In the embedded construction we therefore take the reported speech to function as complement of the reporting verb. However, this complement - I live alone in ia) and 1a) - is not a content clause. It is not a subordinate clause of any kind. What is embedded in these examples happens to have the form of a clause, but it can be longer than that:

2. She replied, "I live alone. My son lives alone too. We both prefer it that way."

The construction thus involves the embedding of a text, not of clauses as such.
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Re: report v quote structures: grey area

Post by Edwin F Ashworth » Wed Apr 04, 2012 7:56 am

Thanks, Dante.

A Michelin star for the HP source on this topic.
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Re: report v quote structures: grey area

Post by dante » Wed Apr 04, 2012 12:08 pm

You're welcome Edwin :)
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Re: report v quote structures: grey area

Post by Edwin F Ashworth » Sun Sep 07, 2014 3:35 pm

The following, from 'The Handbook of Good English by Edward D Johnson' (I believe), makes the whole quote-or-report issue even less clear:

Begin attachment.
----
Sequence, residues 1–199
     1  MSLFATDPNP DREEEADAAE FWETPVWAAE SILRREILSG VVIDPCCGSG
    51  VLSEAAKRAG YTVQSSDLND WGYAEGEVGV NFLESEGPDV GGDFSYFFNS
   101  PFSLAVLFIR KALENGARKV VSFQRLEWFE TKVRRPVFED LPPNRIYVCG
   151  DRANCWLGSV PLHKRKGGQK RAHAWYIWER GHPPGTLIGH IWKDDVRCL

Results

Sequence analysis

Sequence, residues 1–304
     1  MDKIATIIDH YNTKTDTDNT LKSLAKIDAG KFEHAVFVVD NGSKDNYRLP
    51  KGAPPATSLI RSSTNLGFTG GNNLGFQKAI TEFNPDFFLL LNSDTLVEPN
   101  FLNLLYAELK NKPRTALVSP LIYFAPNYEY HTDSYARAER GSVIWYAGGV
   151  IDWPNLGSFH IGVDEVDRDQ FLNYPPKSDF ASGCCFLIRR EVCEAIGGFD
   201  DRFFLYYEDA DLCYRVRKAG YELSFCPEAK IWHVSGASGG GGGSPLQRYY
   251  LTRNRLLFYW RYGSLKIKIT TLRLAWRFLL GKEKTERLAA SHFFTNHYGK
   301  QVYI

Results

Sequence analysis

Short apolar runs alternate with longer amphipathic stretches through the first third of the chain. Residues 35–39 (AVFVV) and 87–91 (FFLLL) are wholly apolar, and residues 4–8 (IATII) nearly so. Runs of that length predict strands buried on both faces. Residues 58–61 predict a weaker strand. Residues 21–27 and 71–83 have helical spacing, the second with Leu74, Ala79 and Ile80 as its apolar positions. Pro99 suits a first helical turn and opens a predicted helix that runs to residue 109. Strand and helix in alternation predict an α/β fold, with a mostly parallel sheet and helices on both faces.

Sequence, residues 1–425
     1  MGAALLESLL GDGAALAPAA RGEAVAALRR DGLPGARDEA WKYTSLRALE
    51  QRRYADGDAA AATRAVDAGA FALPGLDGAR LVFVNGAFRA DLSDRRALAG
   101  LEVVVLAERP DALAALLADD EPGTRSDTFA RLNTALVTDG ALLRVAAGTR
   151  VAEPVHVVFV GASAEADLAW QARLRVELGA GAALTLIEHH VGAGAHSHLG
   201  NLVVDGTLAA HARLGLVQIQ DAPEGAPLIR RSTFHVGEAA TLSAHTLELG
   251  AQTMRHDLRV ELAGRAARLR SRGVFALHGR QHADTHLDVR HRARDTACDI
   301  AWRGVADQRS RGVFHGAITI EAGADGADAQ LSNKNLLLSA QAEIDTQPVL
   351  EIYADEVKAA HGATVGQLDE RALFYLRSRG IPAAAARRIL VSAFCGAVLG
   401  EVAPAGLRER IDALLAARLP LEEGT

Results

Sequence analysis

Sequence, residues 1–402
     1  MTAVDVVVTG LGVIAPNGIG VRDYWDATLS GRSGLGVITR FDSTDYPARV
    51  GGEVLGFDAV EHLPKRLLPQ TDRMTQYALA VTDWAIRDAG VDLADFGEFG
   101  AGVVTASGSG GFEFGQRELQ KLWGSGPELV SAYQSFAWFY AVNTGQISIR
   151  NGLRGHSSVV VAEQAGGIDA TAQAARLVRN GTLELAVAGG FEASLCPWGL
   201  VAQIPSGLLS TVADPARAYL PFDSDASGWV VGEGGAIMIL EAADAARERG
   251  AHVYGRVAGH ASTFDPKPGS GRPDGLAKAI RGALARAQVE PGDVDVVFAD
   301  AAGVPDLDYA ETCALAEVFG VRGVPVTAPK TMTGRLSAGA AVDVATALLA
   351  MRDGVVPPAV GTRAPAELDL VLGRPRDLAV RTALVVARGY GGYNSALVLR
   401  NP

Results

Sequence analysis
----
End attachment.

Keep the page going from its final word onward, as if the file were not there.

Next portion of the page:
The question was, did he like zucchini? is correct; the past tense of the question may seem to make it indirect, but it is still direct. Note that 'did' is not capitalized; it could be, and some editors routinely capitalize in such a situation
[(The question was, Did he like zucchini?)],
but a capital is a surprise after a comma and in the example would give the question more independence and emphasis than the writer may want it to have. Note also the comma after 'was', needed to set up the question, almost as a weak colon.

We could, of course, actually use the colon and capitalize after it:
The question was: Did he like zucchini? [when some style guides also license
The question was: did he like zucchini?]. Or we could add quotation marks—which makes changing the tense desirable—and then would need no punctuation before the question
The question was "Does he like zucchini?" These alternatives make the sentence rather stately, almost dramatic; the writer may prefer the smoother, more casual
The question was, did he like zucchini?.
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Re: report v quote structures: grey area

Post by Phil White » Mon Sep 08, 2014 10:07 pm

If someone were to pull out my toenails with hot pincers and force me to formulate that thought in that way at all, my option would be the colon every time. Capitalization after the colon is largely a pondside thing. American English favours capitalization after colons if what follows the colon is a clause rather than a list of items, and even with a list, there is still a tendency to capitalize.

Personally, if I am reporting, I report:
"The question was whether he liked courgettes."

In a past tense narrative, I might opt for the direct speech option, but would feel constrained to change the tense, and I would probably still use the colon:
"The question was: 'Did he like baby marrows?'"
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Signature: Phil White
Non sum felix lepus